Author: Malorie Blackman
Publisher: Random House Children's (Doubleday)
Date of Publication: June 2013
Source: For review via NetGalley
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I received a free copy of this book from NetGalley, via the publisher in exchange for a honest review. This does not affect my review/opinions in any way. Thank you!
After absolutely devouring the Noughts and Crosses series last year, and various other books by Blackman over the years, I was expecting a great read from this book. Unfortunately, I have extremely mixed views on this particular book; it had an interesting concept but had its negatives.
One thing I noticed was that when I picked it up again, I could barely remember a thing. Yes, I was reading several titles, but I never normally forget a plotline; it just wasn't very memorable in the whole. Secondly, at many points in the story, I wasn't entirely sure what was happening; it hadn't been developed enough, and, sometimes, the storyline jumped and was ultimately kind of flimsy.
Linking on from this, because of the fact that I couldn't remember it, sometimes things happened that were a complete shock or didn't make sense. Not revealing spoilers, this was one quote I had no idea about:-
"Yeah, I already knew about... Brother Simon told me."
There was also a supposed love triangle within the book, but it wasn't so well developed and I couldn't see much of a growing attraction, shall we say, between Kasper and Rhea. Because of this undeveloped triangle, the end was a bit fast and slightly unrelated to the war element; because, it isn't a romance book.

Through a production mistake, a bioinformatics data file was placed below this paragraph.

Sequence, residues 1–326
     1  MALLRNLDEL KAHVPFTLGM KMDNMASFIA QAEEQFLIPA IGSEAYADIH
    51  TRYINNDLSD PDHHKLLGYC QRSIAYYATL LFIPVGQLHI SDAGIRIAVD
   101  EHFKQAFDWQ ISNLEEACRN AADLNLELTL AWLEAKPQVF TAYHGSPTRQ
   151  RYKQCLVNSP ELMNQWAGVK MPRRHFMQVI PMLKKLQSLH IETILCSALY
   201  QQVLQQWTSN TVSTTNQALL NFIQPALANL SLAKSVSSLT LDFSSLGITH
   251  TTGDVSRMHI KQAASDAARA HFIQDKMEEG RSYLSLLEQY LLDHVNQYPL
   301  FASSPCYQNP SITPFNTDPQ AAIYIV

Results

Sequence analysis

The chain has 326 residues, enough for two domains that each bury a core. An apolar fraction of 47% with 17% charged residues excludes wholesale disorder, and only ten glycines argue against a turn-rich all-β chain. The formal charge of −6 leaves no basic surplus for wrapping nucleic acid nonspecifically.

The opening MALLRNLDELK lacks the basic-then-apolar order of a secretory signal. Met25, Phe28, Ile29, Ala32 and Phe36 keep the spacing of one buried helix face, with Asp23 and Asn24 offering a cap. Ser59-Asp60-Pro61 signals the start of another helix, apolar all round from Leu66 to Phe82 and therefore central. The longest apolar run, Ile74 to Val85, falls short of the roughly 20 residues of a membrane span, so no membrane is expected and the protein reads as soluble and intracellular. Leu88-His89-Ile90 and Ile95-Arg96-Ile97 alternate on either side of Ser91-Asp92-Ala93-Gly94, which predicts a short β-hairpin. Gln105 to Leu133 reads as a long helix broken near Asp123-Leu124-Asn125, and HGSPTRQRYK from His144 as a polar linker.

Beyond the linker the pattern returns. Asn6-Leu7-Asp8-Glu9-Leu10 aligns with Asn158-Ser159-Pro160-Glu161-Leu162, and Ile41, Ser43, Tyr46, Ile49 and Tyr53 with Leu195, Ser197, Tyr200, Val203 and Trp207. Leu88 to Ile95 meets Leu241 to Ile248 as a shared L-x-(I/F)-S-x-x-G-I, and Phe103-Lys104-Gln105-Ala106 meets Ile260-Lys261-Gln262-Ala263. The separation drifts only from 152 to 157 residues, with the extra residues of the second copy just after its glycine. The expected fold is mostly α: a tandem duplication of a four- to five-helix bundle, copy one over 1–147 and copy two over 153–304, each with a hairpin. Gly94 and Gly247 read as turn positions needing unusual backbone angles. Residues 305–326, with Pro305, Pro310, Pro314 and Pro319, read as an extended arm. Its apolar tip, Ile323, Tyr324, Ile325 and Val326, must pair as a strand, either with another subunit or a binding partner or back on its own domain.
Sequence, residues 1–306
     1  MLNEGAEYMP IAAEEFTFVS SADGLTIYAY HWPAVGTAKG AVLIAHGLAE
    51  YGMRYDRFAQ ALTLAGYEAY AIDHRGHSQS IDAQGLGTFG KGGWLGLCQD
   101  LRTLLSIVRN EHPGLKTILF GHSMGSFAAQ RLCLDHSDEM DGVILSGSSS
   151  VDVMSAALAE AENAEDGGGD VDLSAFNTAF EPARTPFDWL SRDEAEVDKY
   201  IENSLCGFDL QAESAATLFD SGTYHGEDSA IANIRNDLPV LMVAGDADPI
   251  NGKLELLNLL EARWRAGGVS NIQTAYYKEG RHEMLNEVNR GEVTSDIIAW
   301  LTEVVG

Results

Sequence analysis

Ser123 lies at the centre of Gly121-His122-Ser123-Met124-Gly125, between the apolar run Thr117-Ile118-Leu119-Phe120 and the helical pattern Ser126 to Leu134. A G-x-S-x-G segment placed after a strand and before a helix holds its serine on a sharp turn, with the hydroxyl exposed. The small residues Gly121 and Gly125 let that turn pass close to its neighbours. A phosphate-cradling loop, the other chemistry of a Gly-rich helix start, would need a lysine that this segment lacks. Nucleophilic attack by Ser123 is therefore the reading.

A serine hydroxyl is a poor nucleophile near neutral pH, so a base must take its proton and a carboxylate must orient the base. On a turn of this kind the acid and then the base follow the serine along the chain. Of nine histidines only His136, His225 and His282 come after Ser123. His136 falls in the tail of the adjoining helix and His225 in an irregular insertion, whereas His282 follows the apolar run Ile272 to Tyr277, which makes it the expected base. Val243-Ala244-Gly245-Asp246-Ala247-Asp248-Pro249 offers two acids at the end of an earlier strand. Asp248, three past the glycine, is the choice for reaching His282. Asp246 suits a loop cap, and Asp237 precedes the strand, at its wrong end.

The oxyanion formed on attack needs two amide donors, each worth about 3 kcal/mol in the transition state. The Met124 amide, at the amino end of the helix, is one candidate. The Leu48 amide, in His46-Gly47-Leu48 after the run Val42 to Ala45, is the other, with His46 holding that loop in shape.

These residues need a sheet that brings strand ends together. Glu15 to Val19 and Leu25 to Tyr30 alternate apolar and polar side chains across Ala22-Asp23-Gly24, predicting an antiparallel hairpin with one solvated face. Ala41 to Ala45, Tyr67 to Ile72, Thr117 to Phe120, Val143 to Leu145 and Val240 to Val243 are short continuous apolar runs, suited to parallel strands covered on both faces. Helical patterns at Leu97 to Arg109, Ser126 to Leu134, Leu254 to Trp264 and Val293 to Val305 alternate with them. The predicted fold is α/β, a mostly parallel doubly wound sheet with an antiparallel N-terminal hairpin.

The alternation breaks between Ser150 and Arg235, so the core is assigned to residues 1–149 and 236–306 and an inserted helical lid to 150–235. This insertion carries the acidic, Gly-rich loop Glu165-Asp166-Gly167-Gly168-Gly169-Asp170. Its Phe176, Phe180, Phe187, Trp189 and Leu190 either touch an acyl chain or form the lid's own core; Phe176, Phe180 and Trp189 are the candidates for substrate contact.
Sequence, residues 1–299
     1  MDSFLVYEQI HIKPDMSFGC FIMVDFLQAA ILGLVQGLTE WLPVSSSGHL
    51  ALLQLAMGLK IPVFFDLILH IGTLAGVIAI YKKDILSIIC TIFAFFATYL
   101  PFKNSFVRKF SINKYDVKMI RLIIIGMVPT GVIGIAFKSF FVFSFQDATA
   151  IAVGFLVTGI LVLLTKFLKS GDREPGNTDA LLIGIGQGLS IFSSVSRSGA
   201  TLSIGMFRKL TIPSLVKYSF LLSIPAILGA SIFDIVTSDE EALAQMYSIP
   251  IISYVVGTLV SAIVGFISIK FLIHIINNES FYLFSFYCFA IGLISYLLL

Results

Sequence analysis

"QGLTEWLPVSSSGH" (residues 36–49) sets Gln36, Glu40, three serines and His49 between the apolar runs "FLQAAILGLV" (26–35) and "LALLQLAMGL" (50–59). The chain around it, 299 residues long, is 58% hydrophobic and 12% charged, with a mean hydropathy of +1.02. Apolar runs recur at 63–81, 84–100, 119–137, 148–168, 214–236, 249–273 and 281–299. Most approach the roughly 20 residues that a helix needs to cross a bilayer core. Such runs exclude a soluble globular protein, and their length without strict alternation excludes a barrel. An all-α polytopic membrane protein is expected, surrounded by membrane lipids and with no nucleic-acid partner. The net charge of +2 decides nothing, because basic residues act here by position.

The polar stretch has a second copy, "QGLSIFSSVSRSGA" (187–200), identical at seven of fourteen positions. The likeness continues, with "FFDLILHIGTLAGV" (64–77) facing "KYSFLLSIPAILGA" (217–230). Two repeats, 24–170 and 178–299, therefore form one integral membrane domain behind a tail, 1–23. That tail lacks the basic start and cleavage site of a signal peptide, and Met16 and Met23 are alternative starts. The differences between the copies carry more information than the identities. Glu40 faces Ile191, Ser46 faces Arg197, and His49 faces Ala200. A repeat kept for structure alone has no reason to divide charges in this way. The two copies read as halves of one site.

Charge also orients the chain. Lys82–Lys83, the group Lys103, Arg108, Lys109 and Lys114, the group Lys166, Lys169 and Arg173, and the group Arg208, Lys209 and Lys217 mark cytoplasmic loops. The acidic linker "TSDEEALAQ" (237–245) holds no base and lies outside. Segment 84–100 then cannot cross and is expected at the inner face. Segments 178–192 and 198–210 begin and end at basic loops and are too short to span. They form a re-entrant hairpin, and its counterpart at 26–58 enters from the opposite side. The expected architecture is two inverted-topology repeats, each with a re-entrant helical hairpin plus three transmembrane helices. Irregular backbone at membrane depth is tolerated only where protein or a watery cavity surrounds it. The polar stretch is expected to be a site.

However, onto the positive aspects. The good thing about Noble Conflict was the detail Blackman described everything in; the characters, the action scenes, Kasper's emotions. It also accurately represented war scenes. Of course, Noble Conflict is a dystopia, so the wars weren't the exact same as we know of now; but they were emotionally and physically described so vividly that I could feel my heart breaking.
"A colossal explosion and a licking tongue of
flame erupted in front of the platform..."
As a protagonist, I was unsure of Kasper, particularly because of his do-first, think-later attitude to his roles. I could never tell what he would do next! I did, however, like Dillon, Kasper's best friend, as a funny, interesting, secondary character.
So. With a slightly dragging, unmemorable plot, this was a bit of a disappointment against Blackman's other amazing titles... But it had some beautiful description and great secondary characters, so I'm going to give it 3/5.